TORONTO, Feb 23 (Reuters) - The Canadian dollar rose versus the U.S. dollar on Monday in volatile dealings as risk appetite returned but pared gains as domestic retail sales slumped more than expected.
With expectations that the U.S. government will take a large stake in financial giant Citigroup, instead of nationalizing it, stock market around the world rose and the U.S. dollar hit its highest versus the yen in nearly three months.
The Canadian dollar’s movements have recently been tied to the direction of the equity market.
“It has been a little choppy. It’s been all over the place overnight and so it’s almost a little bit deceptive just to note that you’ve got a modest appreciation on the day,” said Eric Lascelles, TD Securities chief economics and rates strategist.
At 9:27 a.m. (1427 GMT), the Canadian dollar was at C$1.2475 to the U.S. dollar, or 80.16 U.S. cents, up from Friday’s Bank of Canada closing level at C$1.2493 to the U.S. dollar, or 80.04 U.S. cents.
At its highest point in the overnight session, the Canadian dollar hit C$1.2350 to the U.S. dollar, or 80.97 U.S. cents.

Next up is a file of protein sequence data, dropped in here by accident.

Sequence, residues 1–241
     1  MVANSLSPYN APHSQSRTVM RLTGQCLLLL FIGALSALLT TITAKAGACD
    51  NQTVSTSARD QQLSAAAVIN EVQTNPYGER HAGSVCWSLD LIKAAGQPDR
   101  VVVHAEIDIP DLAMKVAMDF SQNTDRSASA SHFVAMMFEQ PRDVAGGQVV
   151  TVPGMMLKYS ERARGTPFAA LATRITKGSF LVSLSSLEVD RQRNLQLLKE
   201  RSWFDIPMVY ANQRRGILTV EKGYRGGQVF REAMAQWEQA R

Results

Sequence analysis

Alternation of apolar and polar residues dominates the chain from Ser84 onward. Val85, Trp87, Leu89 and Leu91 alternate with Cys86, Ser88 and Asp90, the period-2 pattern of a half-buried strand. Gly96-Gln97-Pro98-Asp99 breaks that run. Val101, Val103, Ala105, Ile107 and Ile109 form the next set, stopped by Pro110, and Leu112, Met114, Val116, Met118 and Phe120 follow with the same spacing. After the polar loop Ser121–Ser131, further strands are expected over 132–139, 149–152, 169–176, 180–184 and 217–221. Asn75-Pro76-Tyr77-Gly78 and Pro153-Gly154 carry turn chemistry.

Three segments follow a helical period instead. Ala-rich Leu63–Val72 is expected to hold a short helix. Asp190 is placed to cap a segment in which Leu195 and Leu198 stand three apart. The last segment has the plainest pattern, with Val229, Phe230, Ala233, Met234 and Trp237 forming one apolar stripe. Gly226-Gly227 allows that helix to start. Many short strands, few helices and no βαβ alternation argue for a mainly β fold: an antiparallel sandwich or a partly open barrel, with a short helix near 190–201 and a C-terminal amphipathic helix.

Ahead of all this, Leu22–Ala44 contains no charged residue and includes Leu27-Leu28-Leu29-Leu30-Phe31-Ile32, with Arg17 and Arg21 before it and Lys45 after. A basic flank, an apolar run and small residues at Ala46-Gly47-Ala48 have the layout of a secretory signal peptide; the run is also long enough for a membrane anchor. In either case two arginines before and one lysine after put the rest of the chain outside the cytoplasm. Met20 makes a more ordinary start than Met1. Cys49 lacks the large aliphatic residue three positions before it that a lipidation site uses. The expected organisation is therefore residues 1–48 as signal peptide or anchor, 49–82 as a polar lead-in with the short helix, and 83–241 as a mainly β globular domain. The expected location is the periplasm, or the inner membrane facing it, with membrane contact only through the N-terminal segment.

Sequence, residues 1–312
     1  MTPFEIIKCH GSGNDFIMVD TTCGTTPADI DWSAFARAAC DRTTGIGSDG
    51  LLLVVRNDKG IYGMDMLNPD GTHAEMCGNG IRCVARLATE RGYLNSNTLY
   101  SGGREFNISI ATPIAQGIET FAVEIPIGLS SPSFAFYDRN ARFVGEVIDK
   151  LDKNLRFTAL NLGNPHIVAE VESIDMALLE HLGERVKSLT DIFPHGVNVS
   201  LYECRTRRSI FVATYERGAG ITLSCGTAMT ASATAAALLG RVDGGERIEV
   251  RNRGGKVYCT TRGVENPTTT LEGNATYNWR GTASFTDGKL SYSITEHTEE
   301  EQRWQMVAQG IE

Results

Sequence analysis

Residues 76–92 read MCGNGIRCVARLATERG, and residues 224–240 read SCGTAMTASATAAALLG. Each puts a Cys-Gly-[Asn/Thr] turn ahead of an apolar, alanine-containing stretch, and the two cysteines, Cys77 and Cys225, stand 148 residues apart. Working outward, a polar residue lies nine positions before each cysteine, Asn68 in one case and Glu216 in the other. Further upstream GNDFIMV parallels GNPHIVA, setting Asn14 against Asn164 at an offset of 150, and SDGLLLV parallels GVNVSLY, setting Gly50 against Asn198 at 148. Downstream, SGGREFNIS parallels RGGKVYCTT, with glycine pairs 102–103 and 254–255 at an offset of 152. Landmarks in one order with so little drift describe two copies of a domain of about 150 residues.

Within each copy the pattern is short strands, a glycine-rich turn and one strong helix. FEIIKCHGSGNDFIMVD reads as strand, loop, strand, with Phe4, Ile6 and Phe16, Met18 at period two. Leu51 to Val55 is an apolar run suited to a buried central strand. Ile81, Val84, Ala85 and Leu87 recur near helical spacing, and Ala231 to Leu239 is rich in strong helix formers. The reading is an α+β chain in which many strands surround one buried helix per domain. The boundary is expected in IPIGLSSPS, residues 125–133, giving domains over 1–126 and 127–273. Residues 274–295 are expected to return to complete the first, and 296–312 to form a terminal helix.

The currency began to head lower ahead of numbers that showed Canadian retail sales tumbled 5.4 percent in December, the biggest monthly drop since at least 1991 and more than twice the amount expected. [ID:nN23330217]
The Canadian dollar briefly fell below 80 U.S. cents after the retail sales data but quickly recovered above it.
Canadian bond prices were mostly lower across the curve, weighed by rising stocks as anxiety eased following a report that the U.S. government may convert its existing preferred shares of Citigroup into common stock.
The two-year bond fell 1 Canadian cent at C$102.65 to yield 1.227 percent, while the 10-year bond lost 20 Canadian cents to C$110.95 to yield 2.894 percent.
The 30-year bond dropped 50 Canadian cents to C$124.30 to yield 3.619 percent. (Reporting by Ka Yan Ng; Editing by Tom Hals)